An arbitrator’s past practice decision as to placement of newly-promoted police sergeants on the employer’s salary schedule has produced a most unusual court decision in Illinois.
The case arose out of the Cook County Forest Preserve District, which has a law enforcement agency. The Fraternal Order of Police filed two grievances concerning the placement of newly-promoted patrol officers on the sergeants’ salary schedule. The Union argued that the placement of the sergeants on the schedule should be governed by their years of service with the employer. The employer responded that the sergeants’ placement on the schedule should be governed by its personnel rules, which provide that a newly-promoted sergeant’s schedule was comparable to a two-step increase on the patrol officers’ salary schedule without regard to length of service with the employer.
An arbitrator upheld the grievance. The Arbitrator found that the contract was silent on the issue of placement of employees on salary schedules. The Arbitrator based his opinion on a historic practice under which the District based salary schedules on total longevity with the District, not on longevity as a sergeant.
The Illinois Court of Appeals overturned the Arbitrator’s opinion. The Court acknowledged that “judicial review of an arbitrator’s award is extremely limited, and that an arbitrator’s opinion must be upheld if the arbitrator acts within the scope of his or her authority and the award draws its essence from the parties’ collective bargaining agreement. The arbitrator, not the court, determines the meaning of the collective bargaining agreement as that is what the parties bargained for.”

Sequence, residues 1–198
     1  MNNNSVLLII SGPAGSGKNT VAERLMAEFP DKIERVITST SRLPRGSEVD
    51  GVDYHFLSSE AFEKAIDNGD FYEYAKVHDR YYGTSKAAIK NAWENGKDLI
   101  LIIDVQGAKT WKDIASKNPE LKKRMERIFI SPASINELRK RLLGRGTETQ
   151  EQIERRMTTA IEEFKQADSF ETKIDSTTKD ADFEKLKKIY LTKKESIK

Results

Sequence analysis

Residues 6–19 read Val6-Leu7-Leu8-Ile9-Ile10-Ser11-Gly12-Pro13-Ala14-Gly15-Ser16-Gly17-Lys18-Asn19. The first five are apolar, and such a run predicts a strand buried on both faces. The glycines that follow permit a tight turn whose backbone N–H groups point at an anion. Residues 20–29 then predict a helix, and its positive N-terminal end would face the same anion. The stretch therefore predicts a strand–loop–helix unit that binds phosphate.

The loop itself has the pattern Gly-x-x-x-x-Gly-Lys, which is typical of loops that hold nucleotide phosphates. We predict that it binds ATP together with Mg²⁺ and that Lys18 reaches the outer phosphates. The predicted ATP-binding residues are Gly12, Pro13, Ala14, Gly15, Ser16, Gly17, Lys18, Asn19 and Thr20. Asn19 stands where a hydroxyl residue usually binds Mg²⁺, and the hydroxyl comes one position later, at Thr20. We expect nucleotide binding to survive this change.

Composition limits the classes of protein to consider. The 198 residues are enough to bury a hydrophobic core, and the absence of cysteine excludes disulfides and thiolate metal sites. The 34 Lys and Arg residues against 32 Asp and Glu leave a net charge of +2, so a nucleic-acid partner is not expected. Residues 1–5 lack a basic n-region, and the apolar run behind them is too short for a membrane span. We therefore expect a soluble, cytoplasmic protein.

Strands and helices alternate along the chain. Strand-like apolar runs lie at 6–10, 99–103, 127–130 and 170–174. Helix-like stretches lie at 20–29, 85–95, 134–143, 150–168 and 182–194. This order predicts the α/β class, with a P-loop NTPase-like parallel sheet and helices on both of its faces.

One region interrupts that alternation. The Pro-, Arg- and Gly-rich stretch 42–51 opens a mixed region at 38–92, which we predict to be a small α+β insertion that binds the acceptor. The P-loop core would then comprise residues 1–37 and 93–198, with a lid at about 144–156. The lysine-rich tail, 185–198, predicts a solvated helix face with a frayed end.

Those preliminaries out of the way, the Court found that the Arbitrator “imposed his own personal view of right and wrong on the labor dispute. The Arbitrator’s rationale for deviating from the Personnel Rules was the District’s ‘long-established practice’ of paying newly-promoted sergeants based on their years of service. But the Arbitrator provides no examples of this historical practice. Neither does the Union. Moreover, even if the Union could provide evidence of the District’s practice of deviating from the Personnel Rules, a long-standing policy outside of the CBA does not draw its essence from the CBA.”
Forest Preserve District of Cook County v. Illinois Fraternal Order of Police Labor Council, 33 PERI ¶ 91 (lll. App. 2017).
Note: Most courts would have upheld the Arbitrator’s opinion. A fair statement of the general rule is that so long as an arbitrator’s opinion is grounded in the collective bargaining agreement, a court must completely defer to an arbitrator’s findings of fact and conclusions of law. The Arbitrator’s opinion in the Forest Preserve case was clearly rooted in the contract, not only interpreting the wage schedule in the contract but also applying the principle of past practice. What the Court seems to have held is that the Arbitrator got it wrong – read the contract wrong and misapprehended the past practice. Most courts would not find that conclusion – even if correct – to be an adequate basis to overturn an arbitrator’s opinion.